Fun but Safe: Watch for Signs of Frostbite or Hypothermia

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December 29, 2016

The Weather Channel calls them the “Frigid Five”: Barrow, AK; International Falls, MN; Gunnison, CO; Jackson, WY; and Caribou, ME.
You may not live in one of America’s five coldest cities, but that doesn’t mean you don’t have to protect yourself from frostbite and hypothermia. Both conditions are caused by excessive exposure to low temperatures, wind or moisture.
Cold weather can be dangerous for anyone who enjoys outdoor winter sports, and people who work outdoors during winter must be particularly mindful of the risks.
Before venturing outside in winter, be sure to:
  • Check the temperature and limit your time outdoors if it’s very cold, wet or windy.
  • Bundle up in several layers of loose clothing.
  • Wear mittens rather than gloves.
  • Cover your ears with a warm hat.
  • Wear socks that will keep your feet warm and dry.


Even skin that is protected can be subject to frostbite. It’s the most common injury resulting from exposure to severe cold, and it usually occurs on fingers, toes, nose, ears, cheeks and chin. If caught early, it is possible to prevent permanent damage. If not, frostbite can lead to amputation.
Superficial frostbite affects the skin surface, while the underlying tissue remains soft. The skin appears white, waxy or grayish-yellow and is cold and numb.
If the condition is allowed to progress to deep frostbite, all layers of the skin are affected and the outcome likely will be more serious. The skin will become completely numb, blisters may form and eventually the skin tissue dies and turns black.
If you suspect frostbite:
  • Get indoors immediately.
  • Seek medical attention.
  • Remove constrictive clothing and jewelry that could impair circulation.
  • Place dry, sterile gauze between toes and fingers to absorb moisture and keep them from sticking together.
  • Elevate the affected area to reduce pain and swelling.
  • For superficial frostbite, you may also place the affected area in water that is 100 to 105 degrees until the tissue softens.


Hypothermia occurs when the body’s temperature drops below 95 degrees. Severe shivering, one of the first signs of hypothermia, is beneficial in keeping the body warm. But as hypothermia progresses, shivering gives way to drowsiness or exhaustion, confusion, shallow breathing, irregular heartbeat, slurred speech, loss of coordination and, eventually, unconsciousness and even death.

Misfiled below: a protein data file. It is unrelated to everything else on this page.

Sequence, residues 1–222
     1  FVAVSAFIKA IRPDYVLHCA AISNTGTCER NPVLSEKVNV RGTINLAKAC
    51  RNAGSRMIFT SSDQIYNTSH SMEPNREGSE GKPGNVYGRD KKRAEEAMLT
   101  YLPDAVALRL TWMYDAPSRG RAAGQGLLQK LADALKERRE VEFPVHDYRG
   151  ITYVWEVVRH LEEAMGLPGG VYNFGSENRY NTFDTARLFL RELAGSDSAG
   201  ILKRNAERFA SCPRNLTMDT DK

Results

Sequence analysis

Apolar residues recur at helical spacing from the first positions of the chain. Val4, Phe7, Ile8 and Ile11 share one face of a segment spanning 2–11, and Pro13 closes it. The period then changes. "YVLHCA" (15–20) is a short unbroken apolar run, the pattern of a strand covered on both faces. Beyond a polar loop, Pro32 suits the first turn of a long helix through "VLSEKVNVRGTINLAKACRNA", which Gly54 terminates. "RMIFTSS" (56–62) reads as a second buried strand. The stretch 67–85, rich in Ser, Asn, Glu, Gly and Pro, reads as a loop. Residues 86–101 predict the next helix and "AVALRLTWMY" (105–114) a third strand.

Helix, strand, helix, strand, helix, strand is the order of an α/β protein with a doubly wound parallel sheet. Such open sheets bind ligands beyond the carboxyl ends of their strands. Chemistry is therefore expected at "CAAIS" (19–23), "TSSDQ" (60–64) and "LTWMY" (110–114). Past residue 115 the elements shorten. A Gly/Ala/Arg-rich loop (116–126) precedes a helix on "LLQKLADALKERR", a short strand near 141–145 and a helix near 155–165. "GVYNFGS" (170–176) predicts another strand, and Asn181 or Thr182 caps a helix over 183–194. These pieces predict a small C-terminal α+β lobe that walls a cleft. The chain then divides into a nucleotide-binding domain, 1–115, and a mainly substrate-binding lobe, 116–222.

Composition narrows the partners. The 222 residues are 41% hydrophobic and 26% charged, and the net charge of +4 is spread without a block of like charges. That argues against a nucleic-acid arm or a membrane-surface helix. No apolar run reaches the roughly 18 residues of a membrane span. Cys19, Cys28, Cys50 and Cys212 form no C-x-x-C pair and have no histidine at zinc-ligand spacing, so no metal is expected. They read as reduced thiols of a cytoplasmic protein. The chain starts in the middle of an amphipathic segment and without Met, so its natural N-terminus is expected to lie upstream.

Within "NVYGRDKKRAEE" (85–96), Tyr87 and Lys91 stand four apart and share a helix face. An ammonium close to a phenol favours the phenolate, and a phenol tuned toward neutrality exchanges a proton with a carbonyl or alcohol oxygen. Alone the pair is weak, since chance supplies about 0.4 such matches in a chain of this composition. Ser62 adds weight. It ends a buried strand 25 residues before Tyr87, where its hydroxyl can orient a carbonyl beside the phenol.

In one of the most bizarre symptoms of hypothermia, “paradoxical undressing,” a person actually undresses instead of bundling up. Researchers believe that in the final throes of hypothermia, a person may feel like he or she is overheating due to a rush of warm blood to the extremities.
So what should you do if you encounter someone suffering from hypothermia?
  • Move the victim inside and remove any wet clothing.
  • Call for medical attention.
  • Add blankets, pillows, towels or newspapers beneath and around the victim.
  • Cover the victim’s head.
  • Handle the victim gently to avoid cardiac arrest.
  • Keep the victim in a horizontal position.
  • If necessary, give CPR.
None of these steps are a substitute for proper medical care. Be sure to seek medical attention for frostbite and hypothermia as soon as possible.

If You Go to Extremes

Winter is fun. So go make those snow angels and tackle that double black diamond. Just make sure to limit exposure and bundle up.
If you’re considering taking the Polar Plunge, make sure to consult a doctor first to determine if you have any underlying health problems. The enormous shock of these types of activities puts a strain on the heart, doctors say. Keep in mind:
  • Cold shock will have you gasping for air.
  • Blood flow will divert to your organs.
  • You may become paralyzed or weak.
  • Blood pressure increases due to constricted blood vessels, causing greater risk of stroke.
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